In fact, some people have suffered and continue to do so. They have been labeled pejoratively as “different,” “weird,” “bizarre,” and have been and are being ostracized. This happened simply because they were “themselves.” It has ranged from issues of sexual orientation to different ways of thinking and alternative lifestyles. A homogeneous and functioning society needs to separate itself from such people as they deem them as dangerous parasites detrimental to the health of the social body.
Hence, in order to be accepted or rather to “fit in,” you need to sacrifice certain parts of yourself. You need to adjust. Or else, you will not be able to find a mate. Your family will turn their back on you. Your teachers will fail you and nobody will want to hire you. You will die penniless and all alone in the filthy street gutters.
So what does it mean to be yourself? It would mean perhaps staying true to your personality, living the life you love, expressing yourself freely. But can you do that without experiencing opposition or even offending people? Because one way or another certain people will always be offended.
There seems to be enough factual evidence against expressions of individuality. But I do not think so, at least not in its ideological sense. I think for any person to be themselves, it is necessary to have critical thinking skills. Being yourself is not just about always doing the opposite of what others are doing.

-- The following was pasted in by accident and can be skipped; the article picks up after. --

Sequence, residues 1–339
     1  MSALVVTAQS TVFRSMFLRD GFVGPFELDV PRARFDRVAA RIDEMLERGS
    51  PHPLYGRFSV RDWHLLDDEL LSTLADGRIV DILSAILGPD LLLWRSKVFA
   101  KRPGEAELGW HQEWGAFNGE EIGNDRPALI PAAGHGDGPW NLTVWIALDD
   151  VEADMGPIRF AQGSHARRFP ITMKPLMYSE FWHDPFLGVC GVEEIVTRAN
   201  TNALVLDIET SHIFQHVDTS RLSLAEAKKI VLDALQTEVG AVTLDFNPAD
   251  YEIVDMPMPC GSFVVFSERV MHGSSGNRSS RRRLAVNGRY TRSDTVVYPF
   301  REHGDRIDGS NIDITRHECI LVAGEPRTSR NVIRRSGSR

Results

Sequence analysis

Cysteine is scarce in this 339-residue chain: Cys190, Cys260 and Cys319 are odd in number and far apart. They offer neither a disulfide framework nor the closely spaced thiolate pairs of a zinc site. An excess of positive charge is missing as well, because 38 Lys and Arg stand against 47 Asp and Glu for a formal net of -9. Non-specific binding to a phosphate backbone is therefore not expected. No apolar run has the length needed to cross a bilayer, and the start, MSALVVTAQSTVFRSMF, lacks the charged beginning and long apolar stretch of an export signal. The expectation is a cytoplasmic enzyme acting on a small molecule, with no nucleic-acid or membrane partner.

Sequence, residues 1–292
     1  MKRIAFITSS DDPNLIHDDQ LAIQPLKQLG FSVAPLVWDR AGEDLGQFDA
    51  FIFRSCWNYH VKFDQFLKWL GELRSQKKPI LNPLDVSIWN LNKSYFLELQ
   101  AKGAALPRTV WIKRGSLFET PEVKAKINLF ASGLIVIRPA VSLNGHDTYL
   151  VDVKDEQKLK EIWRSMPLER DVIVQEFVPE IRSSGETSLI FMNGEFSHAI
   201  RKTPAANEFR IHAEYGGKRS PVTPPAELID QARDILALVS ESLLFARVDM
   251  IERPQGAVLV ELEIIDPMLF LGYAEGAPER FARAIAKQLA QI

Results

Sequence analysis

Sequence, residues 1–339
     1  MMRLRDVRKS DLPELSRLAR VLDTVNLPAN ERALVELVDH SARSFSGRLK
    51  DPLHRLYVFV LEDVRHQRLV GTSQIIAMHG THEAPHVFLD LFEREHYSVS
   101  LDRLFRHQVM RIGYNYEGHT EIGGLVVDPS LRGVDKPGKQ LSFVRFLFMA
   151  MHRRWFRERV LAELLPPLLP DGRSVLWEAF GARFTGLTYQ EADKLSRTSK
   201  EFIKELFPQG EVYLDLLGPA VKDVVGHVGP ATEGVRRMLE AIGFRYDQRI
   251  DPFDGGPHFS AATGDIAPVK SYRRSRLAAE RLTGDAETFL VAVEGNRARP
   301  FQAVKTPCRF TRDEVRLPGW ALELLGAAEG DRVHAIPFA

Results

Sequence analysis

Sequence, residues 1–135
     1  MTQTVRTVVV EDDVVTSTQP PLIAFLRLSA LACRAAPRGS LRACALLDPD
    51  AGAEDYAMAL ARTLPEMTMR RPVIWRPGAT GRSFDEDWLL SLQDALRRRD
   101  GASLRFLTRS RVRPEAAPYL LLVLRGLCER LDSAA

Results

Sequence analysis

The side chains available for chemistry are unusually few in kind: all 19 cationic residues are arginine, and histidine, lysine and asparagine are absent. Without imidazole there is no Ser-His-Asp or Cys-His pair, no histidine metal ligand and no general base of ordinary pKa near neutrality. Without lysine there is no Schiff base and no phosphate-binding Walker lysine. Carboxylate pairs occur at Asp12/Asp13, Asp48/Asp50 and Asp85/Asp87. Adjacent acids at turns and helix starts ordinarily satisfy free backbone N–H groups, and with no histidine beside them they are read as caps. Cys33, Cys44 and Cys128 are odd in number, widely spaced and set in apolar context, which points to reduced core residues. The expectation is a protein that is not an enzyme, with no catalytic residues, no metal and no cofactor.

Being yourself may mean trying to find a system among all the conflicting chaos within ourselves. It means conscious or rational selection. So a person with the urge of killing others, a “natural-born killer” so-to-speak, is not himself because he is acting out his emotions. Being yourself often involves discipline. For example, you really want to pay attention or focus on something but your mind keeps wandering. There seem to be two different selves at war with each other. Which one do you choose?
Though there is nothing inherently wrong with distractions (but a lot wrong with killing fellow beings!), you probably would like to pay attention in that given moment. The same applies when it comes to either acting out aggressive impulses or maintaining calm. These are all in fact transitory purely emotional states and not so much character traits.
You may then be yourself by staying true to your core values, your essence. I think deep down all of us share the same goals. We want to be loved and we want to be happy. There may be differences in the methods and the forms of expressions we use; we may even have different definitions of what love and happiness is for us personally. But it is basically what each one of us is aiming for in this short life.
And as the ancient Greeks would say, our quest for the common good is the main aim in life, be it from a spiritual or humanitarian angle. It is merely that each of us will take our own unique paths as singular as the lines on the palms of our hands or the tip of our fingers in order to get there.